It’s no coincidence that a lot of the original light keepers came from isolated communities in the Western and Northern Isles.
“I think they thought they were the best for the job,” he says.
“That changed as time went on with an increasing number of town and city people. For the first few hundred years it was people used to a solitary life.”
However, Donald was also struck by the heroism of lighthouse keepers. While strictly speaking they weren’t meant to get involved in rescues, they consistently broke the rules.
“Gairloch was one example,” he says, “and here in Shetland in the Pentland Skerries, there was a guy who helped to save men and women when an East German ship went down.
“I think we always think of them as remote and in a way their job was slightly monolithic – not getting involved. But quite frequently they did. They helped save lives.”
Dundee and Fife links
It’s apt then that the book includes a sizeable section on the Isle of May, in the Firth of Forth, and also on the Bell Rock lighthouse off Angus – the world’s oldest surviving sea-washed lighthouse, built between 1807 and 1810 by Robert Stevenson.
“I have a lot on the Isle of May,” says Donald.
“Beacons there go way back. Benedictine monks lit that way back in the 6th/7th century. I don’t think that was unusual.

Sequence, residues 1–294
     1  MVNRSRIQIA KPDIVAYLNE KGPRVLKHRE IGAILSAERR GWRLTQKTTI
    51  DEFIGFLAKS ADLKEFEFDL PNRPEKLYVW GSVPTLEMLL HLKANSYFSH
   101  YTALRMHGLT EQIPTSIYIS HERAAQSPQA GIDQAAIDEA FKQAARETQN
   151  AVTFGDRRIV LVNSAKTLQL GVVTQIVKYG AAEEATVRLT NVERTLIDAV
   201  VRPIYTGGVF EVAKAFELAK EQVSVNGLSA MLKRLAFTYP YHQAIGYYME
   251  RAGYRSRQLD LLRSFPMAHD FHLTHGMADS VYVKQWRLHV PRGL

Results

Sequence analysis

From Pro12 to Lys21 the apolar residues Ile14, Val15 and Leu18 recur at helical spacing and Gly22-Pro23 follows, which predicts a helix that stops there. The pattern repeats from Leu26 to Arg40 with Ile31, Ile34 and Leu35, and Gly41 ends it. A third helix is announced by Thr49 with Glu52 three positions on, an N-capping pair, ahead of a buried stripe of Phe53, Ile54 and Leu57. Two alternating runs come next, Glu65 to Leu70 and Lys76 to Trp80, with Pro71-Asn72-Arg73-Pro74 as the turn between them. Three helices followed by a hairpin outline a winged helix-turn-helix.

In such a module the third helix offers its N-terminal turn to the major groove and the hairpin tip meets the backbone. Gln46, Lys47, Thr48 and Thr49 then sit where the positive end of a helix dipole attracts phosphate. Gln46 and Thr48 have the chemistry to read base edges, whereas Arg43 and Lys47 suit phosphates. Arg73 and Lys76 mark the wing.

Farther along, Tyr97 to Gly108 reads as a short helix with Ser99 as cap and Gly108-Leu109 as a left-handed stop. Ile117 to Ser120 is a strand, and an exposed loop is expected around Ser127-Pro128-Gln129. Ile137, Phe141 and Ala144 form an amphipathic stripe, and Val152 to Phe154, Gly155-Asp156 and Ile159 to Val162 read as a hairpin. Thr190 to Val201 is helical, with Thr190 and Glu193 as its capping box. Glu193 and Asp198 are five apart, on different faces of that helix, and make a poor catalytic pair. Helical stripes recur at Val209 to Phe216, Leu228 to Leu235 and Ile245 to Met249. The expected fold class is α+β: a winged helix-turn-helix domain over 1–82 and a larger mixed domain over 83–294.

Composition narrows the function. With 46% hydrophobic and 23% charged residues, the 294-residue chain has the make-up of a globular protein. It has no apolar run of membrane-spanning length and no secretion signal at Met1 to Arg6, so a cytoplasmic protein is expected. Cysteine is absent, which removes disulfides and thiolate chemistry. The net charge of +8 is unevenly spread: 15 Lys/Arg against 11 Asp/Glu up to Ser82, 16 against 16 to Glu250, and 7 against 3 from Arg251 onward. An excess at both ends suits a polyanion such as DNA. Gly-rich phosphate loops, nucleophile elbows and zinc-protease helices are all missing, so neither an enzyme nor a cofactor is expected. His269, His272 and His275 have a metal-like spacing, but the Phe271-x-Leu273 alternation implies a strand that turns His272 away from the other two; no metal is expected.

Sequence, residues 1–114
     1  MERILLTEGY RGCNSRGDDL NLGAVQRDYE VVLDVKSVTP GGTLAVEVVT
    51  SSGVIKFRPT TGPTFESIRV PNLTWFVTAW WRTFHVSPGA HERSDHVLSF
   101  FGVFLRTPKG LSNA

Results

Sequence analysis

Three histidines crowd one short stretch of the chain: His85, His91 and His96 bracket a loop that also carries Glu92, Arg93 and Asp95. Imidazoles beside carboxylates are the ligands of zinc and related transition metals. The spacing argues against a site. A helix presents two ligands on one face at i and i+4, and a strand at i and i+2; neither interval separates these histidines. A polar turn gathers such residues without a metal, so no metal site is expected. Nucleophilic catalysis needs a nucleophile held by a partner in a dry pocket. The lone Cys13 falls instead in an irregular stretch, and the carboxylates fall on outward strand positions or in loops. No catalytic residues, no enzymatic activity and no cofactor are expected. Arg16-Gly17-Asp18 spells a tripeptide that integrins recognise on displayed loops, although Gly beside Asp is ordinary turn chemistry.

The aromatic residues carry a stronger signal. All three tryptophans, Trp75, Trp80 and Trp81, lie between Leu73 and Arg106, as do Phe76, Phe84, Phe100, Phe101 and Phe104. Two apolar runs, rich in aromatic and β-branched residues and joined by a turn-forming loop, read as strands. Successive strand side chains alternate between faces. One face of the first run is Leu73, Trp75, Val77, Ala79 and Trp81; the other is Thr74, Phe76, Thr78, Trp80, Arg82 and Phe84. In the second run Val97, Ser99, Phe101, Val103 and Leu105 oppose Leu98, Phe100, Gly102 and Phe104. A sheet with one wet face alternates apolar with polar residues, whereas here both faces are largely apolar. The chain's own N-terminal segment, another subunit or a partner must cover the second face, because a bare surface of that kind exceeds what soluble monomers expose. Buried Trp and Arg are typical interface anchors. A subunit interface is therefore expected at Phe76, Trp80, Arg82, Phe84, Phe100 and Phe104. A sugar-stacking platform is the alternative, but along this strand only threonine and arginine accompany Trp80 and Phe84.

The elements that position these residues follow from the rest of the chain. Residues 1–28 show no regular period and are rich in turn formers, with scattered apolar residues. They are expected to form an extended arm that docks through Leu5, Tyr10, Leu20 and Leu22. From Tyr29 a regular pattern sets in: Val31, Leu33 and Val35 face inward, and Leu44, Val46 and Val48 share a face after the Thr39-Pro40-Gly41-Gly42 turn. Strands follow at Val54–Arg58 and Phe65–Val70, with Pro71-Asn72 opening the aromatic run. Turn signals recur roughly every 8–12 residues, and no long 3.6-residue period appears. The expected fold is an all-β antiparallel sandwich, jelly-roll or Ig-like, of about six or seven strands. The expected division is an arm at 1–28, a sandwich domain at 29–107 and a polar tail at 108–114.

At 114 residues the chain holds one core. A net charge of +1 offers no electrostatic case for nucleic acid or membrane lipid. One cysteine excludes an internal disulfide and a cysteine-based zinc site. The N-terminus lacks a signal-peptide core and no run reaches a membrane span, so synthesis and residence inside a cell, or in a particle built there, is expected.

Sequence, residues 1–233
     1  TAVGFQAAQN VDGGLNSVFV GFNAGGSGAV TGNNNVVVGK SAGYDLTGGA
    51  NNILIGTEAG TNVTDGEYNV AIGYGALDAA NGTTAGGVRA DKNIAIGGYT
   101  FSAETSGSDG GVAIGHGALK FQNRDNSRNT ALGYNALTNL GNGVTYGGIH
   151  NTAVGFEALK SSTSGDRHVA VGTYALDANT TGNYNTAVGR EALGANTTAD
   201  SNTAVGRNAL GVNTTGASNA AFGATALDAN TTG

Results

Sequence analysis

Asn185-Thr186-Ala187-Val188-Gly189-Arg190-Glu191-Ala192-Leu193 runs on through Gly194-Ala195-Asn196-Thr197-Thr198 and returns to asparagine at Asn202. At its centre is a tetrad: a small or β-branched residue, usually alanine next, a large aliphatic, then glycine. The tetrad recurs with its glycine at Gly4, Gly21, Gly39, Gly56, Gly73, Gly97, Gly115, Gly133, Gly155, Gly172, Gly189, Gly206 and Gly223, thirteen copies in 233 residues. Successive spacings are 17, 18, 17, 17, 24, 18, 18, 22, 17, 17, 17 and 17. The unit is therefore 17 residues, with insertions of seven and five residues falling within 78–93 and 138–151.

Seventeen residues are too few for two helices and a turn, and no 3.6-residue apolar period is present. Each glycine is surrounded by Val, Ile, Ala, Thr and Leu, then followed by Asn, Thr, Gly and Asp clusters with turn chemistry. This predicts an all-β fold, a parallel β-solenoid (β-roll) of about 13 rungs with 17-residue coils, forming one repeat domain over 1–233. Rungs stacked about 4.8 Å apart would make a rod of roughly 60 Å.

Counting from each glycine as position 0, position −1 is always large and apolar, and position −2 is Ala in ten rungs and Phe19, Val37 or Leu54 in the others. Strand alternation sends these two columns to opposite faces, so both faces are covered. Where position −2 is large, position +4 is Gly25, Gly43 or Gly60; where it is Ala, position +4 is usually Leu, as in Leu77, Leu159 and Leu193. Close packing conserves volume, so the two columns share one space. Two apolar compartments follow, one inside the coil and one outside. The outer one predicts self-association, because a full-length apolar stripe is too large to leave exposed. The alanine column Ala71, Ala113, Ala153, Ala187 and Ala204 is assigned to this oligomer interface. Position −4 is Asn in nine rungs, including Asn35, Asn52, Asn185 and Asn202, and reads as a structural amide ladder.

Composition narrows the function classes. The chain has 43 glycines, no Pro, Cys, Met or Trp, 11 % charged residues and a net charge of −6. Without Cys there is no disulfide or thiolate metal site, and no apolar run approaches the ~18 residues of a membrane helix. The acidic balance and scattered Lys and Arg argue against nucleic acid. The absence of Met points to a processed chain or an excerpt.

“But a thing that puzzled me – I kept uncovering evidence that throughout Scotland they regularly used to light beacons to help people.
“On the Macleod crest of Lewis they’ve got a bonfire on the crest. The MacAskill family on Skye also had this bonfire on their crest.
“These things went on long before any records were there, but we know of the Isle of May one. We know there were monks there from time immemorial.
“Bell Rock itself is a wonderful story, and even how wonderful it stands up today. One of the pictures I’ve got in the book is the very base of Bell Rock.
And what is really quite extraordinary about it – considering it was erected in 1811 – is it’s immaculate. It’s fantastic.”
Less successful, however, was the North Carr off Fife Ness, where countless ships wrecked over the centuries.
“That was Stevenson’s one failure in a way – it was swept away three times,” says Donald of Stevenson’s attempts to build a North Carr beacon.
An alternative pyramidal structure of cast iron columns with a ball on top was completed in 1821, later being joined by a lightship.
This was replaced by a lighted buoy in 1975 at the same time as a lighthouse was built at Fife Ness. However, the North Carr lightship – now berthed in Dundee docks – was not without tragedy itself.
When she broke adrift from her moorings at Fife Ness during a storm on December 8, 1959, all eight crew members of the Broughty Ferry lifeboat died while trying to rescue her.
* For the Safety Of All: A Story of Scotland’s Lighthouses, by Donald S Murray, will be available in bookstores from July 29.